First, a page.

California’s Dog Bite Liability Laws
In the United States owning a dog as a pet is a very common occurrence. A survey taken by the American Pet Products Association in 2015/16 stated that 77.8 million dogs are owned as pets across the nation. However, pet owners should be aware that owning a dog comes with a liability.
Does Homeowners Insurance Protect Dog Owners?The Insurance Information Institute in 2015 reported that "dog-bites and other dog-related injuries accounted for more than one-third of all homeowners insurance liability claim dollars paid out in the same year, costing more than $570 million". However, having homeowner's insurance is NOT a guarantee that the insurance company will pay a claim for a dog-bite incident occurring on your property. In many cases their policy agreement will include clear details as to whether specific breeds owned have been categorized as dangerous and therefore, not covered. Another influential factor is if the insurance company proves that, prior to the claim, other incidents had occurred wherein the homeowner was already aware that the dog was known as being vicious, regardless of its breed. It is important that all homeowners and landlords take the time to carefully review and read their insurance policies.
Why Dog Bites OccurOver the years, animal specialists and pet behaviorists have studied domesticated dogs to see what induces them to become aggressive and bite. Their findings show a variety of factors, such as, possessiveness, fear, pain, maternal and prey driven instinct, which can happen at any time and are not limited to a specific breed.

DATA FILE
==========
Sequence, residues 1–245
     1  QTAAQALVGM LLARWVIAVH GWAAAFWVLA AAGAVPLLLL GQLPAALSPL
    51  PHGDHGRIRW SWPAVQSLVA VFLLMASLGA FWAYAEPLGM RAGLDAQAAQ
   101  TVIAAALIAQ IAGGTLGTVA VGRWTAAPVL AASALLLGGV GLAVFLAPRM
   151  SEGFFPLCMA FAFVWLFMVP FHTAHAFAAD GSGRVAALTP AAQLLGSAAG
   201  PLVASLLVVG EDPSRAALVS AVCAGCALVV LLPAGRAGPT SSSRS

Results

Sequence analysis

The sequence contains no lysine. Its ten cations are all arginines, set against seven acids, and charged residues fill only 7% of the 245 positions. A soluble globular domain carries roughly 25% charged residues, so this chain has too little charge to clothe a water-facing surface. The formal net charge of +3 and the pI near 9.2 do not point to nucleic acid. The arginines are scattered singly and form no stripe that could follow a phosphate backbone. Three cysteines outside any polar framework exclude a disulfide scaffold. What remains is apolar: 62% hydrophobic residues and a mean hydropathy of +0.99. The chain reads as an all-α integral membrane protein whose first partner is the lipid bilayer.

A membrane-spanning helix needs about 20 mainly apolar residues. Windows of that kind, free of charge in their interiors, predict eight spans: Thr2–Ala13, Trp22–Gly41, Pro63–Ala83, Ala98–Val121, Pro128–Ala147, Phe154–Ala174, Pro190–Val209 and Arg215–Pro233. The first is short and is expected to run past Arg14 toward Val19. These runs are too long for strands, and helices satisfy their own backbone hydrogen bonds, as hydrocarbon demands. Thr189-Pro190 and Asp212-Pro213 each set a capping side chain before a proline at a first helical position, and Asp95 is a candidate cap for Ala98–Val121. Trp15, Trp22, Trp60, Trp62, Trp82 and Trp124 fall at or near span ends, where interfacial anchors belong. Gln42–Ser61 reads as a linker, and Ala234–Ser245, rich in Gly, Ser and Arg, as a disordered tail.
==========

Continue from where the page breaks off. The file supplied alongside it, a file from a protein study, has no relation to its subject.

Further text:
Dog Bite Liability LawsThere are three types of laws that impose liability on dog owners:
o A dog-bite statute: if the dog causes injuries or property damage without provocation, the dog owner is automatically liable (as in California).
o Negligence laws: if the injury occurred because the dog owner was unreasonably careless in controlling the dog, he/she is liable.
o The one-bite rule: if the owner knew the dog was likely to cause injury and property damage, the dog owner is responsible for any damages caused by a dog (in this case, the victim must prove the owner knew the dog was dangerous).
What if Liability is Unclear?When it comes to a dog bite injury, liability is not always clear. There are additional factors that come into play that can obscure who should be held liable. For example, responsibility for a dog bite can also include a landlord. If the landlord, or any representative of the landlord, was aware that a vicious dog lived on the property owned and had the opportunity to have the dog removed prior to an attack, they can be held liable for the injuries. With any dog bite injury, a thorough investigation of the evidence is needed in order to prove liability.